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If you like Harold Prince's story, you might also like:
Edward Albee,
Julie Andrews,
Jeremy Irons,
James Earl Jones,
Audra McDonald,
Trevor Nunn,
Lloyd Richards,
Stephen Sondheim,
Julie Taymor,
Twyla Tharp and
Kiri Te Kanawa

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Harold Prince Collection: New York Public Library

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Harold Prince
 
Harold Prince
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Harold Prince Interview

Broadway Producer and Director

June 22, 2007
Washington, D.C.

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  Harold Prince

You've been associated with so many legendary shows, as producer and Director -- from West Side Story, Fiddler On the Roof, and Cabaret, to Evita and Phantom of the Opera. We hope to talk about all of them, but let's start with West Side Story. The combination of talents in that show is just mind-boggling. Leonard Bernstein, Jerome Robbins, Stephen Sondheim. Most of you were almost at the beginning of your careers, weren't you?

Harold Prince: Actually, George Abbott had given Bernstein and Robbins their first big hit, On the Town.


On the Town was a musical that Comden and Green wrote. It's just a great musical and very popular, they do it all the time. And it was the first time anyone saw the amalgam of Lenny's ballet music, Jerry's dance, in a very light, frivolous musical that Comden and Green wrote. It worked really well. I loved it. I actually saw it when I was in college. I saw it nine times, because I thought, "I'm looking at something new that draws me -- elements of which draw me to the musical theater when I've not been drawn there before."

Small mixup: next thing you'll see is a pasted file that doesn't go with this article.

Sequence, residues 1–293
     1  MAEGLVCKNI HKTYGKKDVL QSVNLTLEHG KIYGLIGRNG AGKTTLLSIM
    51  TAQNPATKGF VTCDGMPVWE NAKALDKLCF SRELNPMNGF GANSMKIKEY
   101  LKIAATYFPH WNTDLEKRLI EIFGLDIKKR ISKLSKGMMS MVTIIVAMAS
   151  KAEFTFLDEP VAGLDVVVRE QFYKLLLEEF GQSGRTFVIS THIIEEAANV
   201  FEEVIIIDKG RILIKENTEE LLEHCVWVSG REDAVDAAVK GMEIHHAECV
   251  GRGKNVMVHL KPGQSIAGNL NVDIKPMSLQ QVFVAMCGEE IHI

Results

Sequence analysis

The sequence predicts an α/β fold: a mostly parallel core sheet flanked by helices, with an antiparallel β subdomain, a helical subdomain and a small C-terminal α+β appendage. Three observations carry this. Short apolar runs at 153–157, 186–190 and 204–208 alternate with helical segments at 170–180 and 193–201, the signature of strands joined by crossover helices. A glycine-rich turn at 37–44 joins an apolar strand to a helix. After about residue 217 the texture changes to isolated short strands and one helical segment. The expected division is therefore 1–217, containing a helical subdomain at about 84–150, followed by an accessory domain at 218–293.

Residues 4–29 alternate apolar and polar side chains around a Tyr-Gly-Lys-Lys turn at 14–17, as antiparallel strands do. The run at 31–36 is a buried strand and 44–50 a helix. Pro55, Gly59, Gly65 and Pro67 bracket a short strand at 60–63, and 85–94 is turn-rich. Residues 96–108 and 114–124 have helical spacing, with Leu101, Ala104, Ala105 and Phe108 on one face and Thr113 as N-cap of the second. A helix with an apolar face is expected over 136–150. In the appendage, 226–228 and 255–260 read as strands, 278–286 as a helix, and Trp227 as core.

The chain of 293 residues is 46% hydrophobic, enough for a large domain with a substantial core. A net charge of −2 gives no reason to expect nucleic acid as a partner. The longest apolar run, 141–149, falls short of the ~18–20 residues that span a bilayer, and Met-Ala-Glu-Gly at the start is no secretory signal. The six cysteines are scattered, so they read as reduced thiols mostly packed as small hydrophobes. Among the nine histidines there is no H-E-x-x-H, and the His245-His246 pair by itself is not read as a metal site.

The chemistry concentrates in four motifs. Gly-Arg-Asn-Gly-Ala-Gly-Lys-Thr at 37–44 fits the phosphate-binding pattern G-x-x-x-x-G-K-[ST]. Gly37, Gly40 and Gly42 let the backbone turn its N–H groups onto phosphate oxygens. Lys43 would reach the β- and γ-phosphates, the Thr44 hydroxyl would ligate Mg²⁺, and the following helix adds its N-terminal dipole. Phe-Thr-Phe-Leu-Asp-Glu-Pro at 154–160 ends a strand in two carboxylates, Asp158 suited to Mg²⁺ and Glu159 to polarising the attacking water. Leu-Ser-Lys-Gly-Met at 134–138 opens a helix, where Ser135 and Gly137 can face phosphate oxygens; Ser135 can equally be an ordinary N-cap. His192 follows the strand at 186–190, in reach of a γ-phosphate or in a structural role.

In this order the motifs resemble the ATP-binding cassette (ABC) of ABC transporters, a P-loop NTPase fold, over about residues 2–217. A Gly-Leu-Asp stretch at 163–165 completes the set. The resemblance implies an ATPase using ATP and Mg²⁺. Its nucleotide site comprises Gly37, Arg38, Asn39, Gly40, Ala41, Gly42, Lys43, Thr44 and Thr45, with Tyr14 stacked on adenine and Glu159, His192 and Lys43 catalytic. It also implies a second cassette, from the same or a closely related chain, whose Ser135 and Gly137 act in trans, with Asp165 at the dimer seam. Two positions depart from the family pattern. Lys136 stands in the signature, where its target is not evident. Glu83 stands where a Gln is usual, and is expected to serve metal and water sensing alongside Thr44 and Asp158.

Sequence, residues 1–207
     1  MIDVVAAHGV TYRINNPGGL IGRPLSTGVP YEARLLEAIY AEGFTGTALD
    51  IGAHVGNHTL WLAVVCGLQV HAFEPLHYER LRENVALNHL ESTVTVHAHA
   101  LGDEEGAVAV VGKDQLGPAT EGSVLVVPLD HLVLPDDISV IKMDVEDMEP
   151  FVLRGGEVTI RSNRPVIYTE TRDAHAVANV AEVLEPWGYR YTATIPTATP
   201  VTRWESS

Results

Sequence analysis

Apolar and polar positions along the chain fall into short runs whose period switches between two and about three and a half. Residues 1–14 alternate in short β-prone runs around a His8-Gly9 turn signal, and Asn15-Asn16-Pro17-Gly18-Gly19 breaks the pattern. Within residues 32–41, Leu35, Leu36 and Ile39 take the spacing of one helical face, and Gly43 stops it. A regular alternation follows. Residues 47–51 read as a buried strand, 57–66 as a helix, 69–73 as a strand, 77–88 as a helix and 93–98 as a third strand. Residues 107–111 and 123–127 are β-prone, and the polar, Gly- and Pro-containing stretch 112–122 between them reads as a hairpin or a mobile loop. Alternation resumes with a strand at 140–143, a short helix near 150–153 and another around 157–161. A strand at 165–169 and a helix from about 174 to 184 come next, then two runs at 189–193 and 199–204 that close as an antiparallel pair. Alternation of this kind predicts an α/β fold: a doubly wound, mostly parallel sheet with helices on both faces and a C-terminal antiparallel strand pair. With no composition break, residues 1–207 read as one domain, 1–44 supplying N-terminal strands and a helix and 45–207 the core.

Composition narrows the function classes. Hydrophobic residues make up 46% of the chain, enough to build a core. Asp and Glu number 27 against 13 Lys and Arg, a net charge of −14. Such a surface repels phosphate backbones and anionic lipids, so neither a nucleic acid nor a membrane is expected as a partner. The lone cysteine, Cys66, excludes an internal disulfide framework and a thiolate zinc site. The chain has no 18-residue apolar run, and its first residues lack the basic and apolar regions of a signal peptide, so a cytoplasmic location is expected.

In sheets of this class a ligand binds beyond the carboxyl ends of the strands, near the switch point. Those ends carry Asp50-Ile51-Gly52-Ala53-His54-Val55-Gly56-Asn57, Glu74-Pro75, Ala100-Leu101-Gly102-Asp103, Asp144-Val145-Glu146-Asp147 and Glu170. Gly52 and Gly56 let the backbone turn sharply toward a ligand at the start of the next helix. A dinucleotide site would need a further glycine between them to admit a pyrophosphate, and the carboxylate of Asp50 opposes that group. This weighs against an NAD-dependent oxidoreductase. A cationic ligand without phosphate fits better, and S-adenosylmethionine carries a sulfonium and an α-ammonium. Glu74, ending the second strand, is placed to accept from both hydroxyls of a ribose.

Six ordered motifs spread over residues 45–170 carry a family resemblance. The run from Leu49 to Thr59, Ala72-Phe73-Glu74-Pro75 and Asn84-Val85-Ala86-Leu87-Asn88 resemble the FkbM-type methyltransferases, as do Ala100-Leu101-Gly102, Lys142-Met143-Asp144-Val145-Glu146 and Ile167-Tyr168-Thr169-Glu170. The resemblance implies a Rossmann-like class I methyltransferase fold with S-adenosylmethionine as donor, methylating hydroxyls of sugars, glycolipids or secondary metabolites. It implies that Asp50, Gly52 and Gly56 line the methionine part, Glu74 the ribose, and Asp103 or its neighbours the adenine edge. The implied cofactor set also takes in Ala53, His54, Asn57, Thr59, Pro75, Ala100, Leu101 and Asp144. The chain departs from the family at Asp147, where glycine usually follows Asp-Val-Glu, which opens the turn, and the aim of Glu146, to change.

So how did your involvement with Bernstein and Robbins and West Side Story come about?

Harold Prince Interview Photo
Harold Prince: It depends on who you talk to. I keep reading that it was offered to my partner Bobby Griffith and me and we turned it down. I don't think that's true at all. I think we were working on New Girl in Town, which is a musical based on Anna Christie. I don't think we could have turned it down. Cheryl Crawford certainly did say she'd produce it, and she was a wonderful, creative producer with a great record, but the year before she was to do this, she did Candide, and that fell flat on its face, so she said, "I can't raise the money twice in a row for these difficult things." I was on the road with New Girl in Town, which was having problems. It starred Gwen Verdon, and Bobby Fosse was doing the choreography, and it was having real problems between Abbott's view, and mine as a producer, and Bobby and Gwen. We were not in sync about some of the dances, and so it was troublesome.


The phone rang in Boston, and I was in the hotel, and Steve Sondheim called. I told him my problems, never occurred to me to ask him what his were. But ours were minimal, compared, because we were struggling to get the show finished, to come to Broadway, where it did ultimately, a couple of weeks later. But then, when I was finished, he said, "We've lost our producer. We have no show," being West Side Story.


So I said, "Wow. That's just the worst," and I said, "We have to give our cast a day off on Sunday. If Bobby and I flew into New York, could we all meet and hear the score again?" We wanted to meet with Sondheim, Lenny, Jerry, and Arthur Laurents, who wrote the book. Bobby and I already knew the score, but...